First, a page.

COLLINS: You can see Swift there yelling at the security guard saying that the fan wasn't doing anything. She continued to perform. A woman who is claiming to be that fan in the audience then later

posted her take on social media. She said a security guard was harassing her and her friends throughout the night at the concert as they were dancing near barricades that were by the stage. According to this fan, the security guard was escorted out. She and her friends were allowed to stay and were actually offered free tickets to Swift's second show in Philadelphia last night.

No word from Taylor Swift or the venue, which is Lincoln Financial Field.

HARLOW: Just another reason I love Taylor Swift. That's all.

COLLINS: She is -- it's also amazing to be able to notice that was happening --


COLLINS: -- while she's performing in real-time on the stage.

HARLOW: Did you notice how she was telling them stop while singing? Stop, singing --

COLLINS: Yes, she kept going.

HARLOW: Good for her.

Ahead, George Santos is facing 13 federal charges. We're going to be joined by the former New York state senator who is challenging him in his seat -- for his seat in Congress.

COLLINS: Also, there are potentially just 16 days left before the U.S. could default on its $31 trillion in debt, running out of money to pay its bills. President Biden is set to meet with top lawmakers, including House Speaker Kevin McCarthy, at the White House tomorrow. Can they reach a deal? We'll talk about it next.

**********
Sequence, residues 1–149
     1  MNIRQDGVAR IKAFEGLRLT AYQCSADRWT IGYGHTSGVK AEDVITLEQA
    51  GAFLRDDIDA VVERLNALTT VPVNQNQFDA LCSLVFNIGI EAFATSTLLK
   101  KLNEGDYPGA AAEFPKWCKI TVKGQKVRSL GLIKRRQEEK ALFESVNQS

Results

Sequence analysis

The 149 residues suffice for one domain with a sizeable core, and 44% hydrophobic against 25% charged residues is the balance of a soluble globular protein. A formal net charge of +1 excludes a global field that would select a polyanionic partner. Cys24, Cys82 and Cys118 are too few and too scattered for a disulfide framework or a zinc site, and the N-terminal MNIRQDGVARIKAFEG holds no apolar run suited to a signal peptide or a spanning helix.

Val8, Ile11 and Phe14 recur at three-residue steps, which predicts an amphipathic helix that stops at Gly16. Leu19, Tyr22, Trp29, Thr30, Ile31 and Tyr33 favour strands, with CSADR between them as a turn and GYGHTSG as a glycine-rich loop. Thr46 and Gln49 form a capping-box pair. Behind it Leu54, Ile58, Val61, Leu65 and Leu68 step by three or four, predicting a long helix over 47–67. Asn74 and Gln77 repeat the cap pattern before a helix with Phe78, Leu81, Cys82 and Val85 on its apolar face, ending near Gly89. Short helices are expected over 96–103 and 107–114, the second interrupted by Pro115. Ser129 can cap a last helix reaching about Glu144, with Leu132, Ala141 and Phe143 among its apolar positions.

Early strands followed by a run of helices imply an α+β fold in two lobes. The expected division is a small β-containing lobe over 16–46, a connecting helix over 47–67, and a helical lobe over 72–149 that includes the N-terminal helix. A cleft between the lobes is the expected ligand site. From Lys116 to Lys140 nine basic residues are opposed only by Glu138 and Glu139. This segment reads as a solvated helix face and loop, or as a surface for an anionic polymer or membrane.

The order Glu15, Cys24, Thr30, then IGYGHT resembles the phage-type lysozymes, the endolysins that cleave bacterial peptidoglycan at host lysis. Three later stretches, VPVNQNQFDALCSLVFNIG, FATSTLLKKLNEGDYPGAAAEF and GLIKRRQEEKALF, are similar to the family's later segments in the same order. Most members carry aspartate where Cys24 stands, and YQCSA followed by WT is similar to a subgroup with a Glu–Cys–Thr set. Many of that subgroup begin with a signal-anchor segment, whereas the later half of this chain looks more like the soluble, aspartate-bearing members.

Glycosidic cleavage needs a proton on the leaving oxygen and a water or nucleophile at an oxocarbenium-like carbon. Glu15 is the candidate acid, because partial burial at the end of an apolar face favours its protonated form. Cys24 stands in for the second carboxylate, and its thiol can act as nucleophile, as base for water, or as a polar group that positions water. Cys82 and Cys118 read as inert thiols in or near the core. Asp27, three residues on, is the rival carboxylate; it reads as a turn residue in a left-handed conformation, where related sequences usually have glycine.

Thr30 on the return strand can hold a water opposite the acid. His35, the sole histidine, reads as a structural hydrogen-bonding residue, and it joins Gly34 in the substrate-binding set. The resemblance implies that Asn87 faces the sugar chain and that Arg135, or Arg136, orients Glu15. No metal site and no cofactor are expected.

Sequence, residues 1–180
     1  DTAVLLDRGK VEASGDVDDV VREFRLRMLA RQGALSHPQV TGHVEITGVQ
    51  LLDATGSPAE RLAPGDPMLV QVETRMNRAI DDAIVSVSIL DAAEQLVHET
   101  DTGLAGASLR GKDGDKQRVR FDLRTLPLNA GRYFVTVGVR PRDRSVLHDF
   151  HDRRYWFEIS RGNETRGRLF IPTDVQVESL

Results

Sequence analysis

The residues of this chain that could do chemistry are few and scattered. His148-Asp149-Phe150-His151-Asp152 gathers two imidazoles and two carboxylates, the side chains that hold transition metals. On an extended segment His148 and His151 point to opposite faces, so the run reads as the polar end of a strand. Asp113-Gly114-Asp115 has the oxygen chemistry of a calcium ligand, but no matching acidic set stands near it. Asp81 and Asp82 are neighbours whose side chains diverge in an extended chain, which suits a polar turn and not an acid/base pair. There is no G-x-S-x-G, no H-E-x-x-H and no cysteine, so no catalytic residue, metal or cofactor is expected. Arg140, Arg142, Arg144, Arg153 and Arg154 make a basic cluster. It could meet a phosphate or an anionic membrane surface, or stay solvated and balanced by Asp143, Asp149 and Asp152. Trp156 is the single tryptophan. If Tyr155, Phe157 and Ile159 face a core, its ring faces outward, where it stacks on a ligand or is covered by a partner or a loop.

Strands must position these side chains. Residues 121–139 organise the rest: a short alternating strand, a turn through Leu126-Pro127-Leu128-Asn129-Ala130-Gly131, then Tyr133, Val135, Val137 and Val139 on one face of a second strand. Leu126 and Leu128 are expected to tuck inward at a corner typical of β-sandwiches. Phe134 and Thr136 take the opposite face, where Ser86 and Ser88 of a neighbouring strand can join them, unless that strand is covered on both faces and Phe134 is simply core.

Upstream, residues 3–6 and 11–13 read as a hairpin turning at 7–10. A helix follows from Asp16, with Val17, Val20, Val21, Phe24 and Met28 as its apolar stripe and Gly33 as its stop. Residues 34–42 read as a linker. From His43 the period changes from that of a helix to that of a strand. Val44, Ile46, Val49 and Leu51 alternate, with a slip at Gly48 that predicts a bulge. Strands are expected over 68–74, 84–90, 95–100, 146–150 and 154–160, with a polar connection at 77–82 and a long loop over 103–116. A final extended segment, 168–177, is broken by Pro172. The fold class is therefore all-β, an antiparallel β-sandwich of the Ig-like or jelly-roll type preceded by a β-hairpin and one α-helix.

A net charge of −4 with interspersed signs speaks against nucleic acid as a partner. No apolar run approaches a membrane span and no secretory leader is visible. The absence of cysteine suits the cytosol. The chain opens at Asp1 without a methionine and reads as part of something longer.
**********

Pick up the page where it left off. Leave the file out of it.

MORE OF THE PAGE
HARLOW: Congressman George Santos is facing more than 13 federal charges and he now has a new opponent. Former New York state senator Anna Kaplan is kicking off her campaign for New York Congress and her pitch is this.


Anna Kaplan Political Ad:

REP. GEORGE SANTOS (R-NY): My grandparents survived the Holocaust.

I'm Jew-ish.

UNIDENTIFIED MALE: So that was a lie.

SANTOS: Absolutely.

LESTER HOLT, NBC ANCHOR, "NBC NIGHTLY NEWS": George Santos now facing federal criminal charges.

UNIDENTIFIED FEMALE: You have no shame?

SANTOS: I'm innocent.

UNIDENTIFIED FEMALE: George Santos wants to restrict women's reproductive rights. He wore an assault rifle pin on the House floor hours after a mass shooting, and he introduced a bill celebrating the AR-15. Instead of resigning, he's running for reelection.

ANNA KAPLAN, (D) NEW YORK CONGRESSIONAL CANDIDATE, RUNNING TO UNSEAT GEORGE SANTOS: I'm Anna Kaplan and I'm running for Congress because George Santos is a disgrace.


HARLOW: Santos has pleaded not guilty to all the charges. He's called the indictment a witch hunt. He says he's committed to this run for reelection.